Wednesday, May 10, 2017

Stormy by Classics IV

There were two songs running through my head today; one I've already posted--Ship of Fools by World Party (for obvious reasons, given the current political farce in the USA that cannot lead to anywhere good). The other is Stormy by Classics IV (from 1968), also for obvious reasons, given that the weather in the middle of May resembles more like what one would see in mid-November. It even snowed today, to complete the dismal picture. I know the song is not about the weather, but it just popped into my head and the weather was the reason, especially one line of the lyrics "Bring back that sunny day". Please, weather gods, bring back the warm sun. Snow and chilly temperatures in mid-May don't do anything for me (or for anyone, for that matter). Or for the plants in my garden.


A relevant song for our times--Ship of Fools by World Party

Who knew? That a song from 1986 would foreshadow so much of what is happening in our world today, over thirty years later. It's a great song with such relevant lyrics, that I'm including here.


https://www.youtube.com/watch?v=E_BoAXopS54


Ship of Fools   by World Party   (written by Karl Wallinger)

We're setting sail to the place on the map
from which no one has ever returned
Drawn by the promise of the joker and the fool
by the light of the crosses that burned.
Drawn by the promise of the women and the lace
and the gold and the cotton and pearls
It's the place where they keep all the darkness you need.
You sail away from the light of the world on this trip, baby.
You will pay tomorrow
You're gonna pay tomorrow
You will pay tomorrow

Save me. Save me from tomorrow
I don't want to sail with this ship of fools. No, no
Oh, save me. Save me from tomorrow
I don't want to sail with this ship of fools
I want to run and hide right now

Avarice and greed are gonna drive you over the endless sea
They will leave you drifting in the shallows
or drowning in the oceans of history
Traveling the world, you're in search of no good
but I'm sure you'll build your Sodom like you knew you would
Using all the good people for your galley slaves
as you're little boat struggles through the warning waves, but you don't pay

You will pay tomorrow
You're gonna pay tomorrow
You're gonna pay tomorrow

Save me. Save me from tomorrow
I don't want to sail with this ship of fools
Save me. Save me from tomorrow
I don't want to sail with this ship of fools
Where's it comin' from?
Where's it goin' to now?
It's just a It's just a ship of fools

All aboard....

Friday, May 5, 2017

Peace is a garden

My idea of peace is a garden. My garden. It's not a secret garden, hidden behind a wall covered in ivy that conceals a hidden door. It is a community garden and we have each been allotted our own parcel of land. But it's what you do with that land that makes it 'your' garden. And if you like, you can make it as private or as open as you like. The community garden itself is contained within high fences with locks on the entrance gates; if we didn't have the fences and locked gates, you can bet there would be nightly visitors that would break in and steal what they could to make some small money (the gypsies have been accused of this). There were several break-ins during the past few months that are attributed to them. But there is no hard evidence of such. It's best not to store valuable items in the garden in order to discourage thieves.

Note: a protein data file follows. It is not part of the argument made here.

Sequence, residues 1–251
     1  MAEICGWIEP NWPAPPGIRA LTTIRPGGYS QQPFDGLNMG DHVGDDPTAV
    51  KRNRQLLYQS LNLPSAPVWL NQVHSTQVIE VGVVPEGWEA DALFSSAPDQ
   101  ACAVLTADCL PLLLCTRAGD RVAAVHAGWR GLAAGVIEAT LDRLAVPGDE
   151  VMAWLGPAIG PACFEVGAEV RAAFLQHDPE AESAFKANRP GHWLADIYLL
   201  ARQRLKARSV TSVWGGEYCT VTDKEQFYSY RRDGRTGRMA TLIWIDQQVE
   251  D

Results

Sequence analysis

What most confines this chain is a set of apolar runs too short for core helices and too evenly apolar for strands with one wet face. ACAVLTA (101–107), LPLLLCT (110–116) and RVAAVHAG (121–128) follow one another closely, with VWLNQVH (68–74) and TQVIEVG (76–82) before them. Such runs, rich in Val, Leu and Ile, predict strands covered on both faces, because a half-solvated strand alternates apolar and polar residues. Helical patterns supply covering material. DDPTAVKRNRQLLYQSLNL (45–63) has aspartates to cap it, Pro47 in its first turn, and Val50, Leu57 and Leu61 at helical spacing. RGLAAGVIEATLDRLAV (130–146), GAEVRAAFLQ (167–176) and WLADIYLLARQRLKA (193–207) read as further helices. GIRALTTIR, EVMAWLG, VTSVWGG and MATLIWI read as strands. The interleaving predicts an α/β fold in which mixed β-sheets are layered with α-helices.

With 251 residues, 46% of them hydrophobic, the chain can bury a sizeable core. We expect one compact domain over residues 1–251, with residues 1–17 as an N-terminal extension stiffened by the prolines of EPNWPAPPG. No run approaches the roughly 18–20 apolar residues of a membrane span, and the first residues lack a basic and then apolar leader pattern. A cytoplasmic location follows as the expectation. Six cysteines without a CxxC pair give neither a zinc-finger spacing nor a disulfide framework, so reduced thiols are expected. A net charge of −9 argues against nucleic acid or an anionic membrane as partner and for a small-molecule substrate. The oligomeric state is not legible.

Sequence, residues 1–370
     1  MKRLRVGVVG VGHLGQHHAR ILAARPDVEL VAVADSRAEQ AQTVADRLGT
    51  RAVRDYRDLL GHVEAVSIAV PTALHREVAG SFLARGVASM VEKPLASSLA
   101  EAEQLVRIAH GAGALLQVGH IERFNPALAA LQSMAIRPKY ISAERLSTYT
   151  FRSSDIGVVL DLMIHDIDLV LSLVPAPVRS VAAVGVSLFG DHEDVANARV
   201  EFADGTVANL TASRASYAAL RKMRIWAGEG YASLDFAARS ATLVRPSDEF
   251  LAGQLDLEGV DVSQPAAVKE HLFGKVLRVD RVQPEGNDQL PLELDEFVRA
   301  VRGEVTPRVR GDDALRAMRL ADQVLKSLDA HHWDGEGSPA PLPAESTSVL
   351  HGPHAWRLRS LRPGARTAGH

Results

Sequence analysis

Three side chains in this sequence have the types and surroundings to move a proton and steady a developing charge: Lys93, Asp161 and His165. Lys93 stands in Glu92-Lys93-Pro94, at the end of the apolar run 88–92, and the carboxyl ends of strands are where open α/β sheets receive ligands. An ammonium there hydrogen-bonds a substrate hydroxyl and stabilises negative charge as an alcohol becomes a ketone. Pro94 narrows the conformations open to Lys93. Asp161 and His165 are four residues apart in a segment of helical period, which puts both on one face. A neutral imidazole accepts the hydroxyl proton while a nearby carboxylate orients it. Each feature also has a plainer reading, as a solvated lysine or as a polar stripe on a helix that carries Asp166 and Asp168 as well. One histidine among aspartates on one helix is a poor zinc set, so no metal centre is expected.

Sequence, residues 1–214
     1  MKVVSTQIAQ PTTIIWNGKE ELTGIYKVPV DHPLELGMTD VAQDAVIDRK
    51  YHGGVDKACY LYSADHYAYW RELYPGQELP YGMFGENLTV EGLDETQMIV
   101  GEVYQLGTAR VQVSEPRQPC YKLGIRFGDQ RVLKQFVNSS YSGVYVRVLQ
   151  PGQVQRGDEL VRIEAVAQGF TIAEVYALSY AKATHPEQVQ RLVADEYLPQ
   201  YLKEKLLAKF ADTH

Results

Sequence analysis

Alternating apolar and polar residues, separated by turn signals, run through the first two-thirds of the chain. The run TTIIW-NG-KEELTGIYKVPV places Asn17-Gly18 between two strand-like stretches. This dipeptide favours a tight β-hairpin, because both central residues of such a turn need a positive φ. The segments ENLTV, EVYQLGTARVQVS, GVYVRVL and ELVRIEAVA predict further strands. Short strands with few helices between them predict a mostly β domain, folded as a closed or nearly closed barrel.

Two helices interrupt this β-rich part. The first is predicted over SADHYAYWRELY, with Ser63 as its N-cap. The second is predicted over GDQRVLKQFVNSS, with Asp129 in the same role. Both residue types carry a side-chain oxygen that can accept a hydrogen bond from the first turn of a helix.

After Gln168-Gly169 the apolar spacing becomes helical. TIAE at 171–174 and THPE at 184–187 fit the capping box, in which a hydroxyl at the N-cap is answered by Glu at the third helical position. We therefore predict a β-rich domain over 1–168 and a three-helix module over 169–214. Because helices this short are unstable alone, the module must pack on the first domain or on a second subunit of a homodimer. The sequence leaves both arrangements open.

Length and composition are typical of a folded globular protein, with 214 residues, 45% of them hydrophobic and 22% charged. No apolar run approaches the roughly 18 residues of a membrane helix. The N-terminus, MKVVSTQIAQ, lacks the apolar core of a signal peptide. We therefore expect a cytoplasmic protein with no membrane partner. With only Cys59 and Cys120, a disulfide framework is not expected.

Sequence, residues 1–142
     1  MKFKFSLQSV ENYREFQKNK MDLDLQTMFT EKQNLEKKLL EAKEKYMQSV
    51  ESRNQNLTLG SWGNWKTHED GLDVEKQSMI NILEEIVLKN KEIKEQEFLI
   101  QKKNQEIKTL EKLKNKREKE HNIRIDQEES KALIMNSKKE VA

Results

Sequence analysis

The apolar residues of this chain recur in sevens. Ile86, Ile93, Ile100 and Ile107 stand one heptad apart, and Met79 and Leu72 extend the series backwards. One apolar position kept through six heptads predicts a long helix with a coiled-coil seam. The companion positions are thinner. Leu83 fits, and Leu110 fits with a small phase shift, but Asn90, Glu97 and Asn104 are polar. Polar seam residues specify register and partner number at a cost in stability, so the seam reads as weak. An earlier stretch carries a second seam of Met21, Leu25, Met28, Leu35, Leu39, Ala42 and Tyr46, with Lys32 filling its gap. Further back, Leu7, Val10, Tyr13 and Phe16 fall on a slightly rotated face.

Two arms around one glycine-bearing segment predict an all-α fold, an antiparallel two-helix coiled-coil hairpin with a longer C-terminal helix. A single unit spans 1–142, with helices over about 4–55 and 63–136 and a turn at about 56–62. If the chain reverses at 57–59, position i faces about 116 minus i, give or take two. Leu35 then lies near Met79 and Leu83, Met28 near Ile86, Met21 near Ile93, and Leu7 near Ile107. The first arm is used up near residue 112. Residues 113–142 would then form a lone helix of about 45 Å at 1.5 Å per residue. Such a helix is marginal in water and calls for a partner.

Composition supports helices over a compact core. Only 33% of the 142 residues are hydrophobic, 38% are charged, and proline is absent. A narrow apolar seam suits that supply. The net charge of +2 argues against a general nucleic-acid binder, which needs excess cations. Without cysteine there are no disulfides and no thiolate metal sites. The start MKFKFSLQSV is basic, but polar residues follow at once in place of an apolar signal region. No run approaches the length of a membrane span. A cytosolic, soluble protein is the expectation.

You might think that having to worry about petty theft detracts from the overall experience of having the garden. You'd be wrong. I look forward to visiting my garden each day. It soothes my soul like nothing else. Abstinence is a good word to describe how it feels when I cannot go there on a daily basis--either too much to do at work or some other activity that takes priority. Up to now, it's fine that I haven't been there each day. But now that all the seeds are planted and the sown areas need water, I will be going there each afternoon or evening to water the planted areas. I cannot wait until I start to see growth. I planted tomatoes in large pots in the greenhouse, and small green seedlings are already starting to make their appearance. I feel responsible for them, that nothing happens to them. I also planted artichoke seeds in a container in the greenhouse, and am quite eager to see if they grow well. The greenhouse is nice and warm, but the daytime temperature can be quite high with the doors and windows closed. The temperature can be adjusted by opening the window to let in some cooler air. That will be quite useful and probably a frequent thing come summer.

I was in the garden during a late afternoon this past week. The sun was shining and it was probably close to about 5 pm. Still a lot of sunlight and warmth. I took some photos, and one in particular caught my eye. It's a lovely shot of the greenhouse, the garden, the lovely red tulips in the background, and the lovely yellow daffodils--a soothing combination of colors; in short, one of those lucky photos. Enjoy!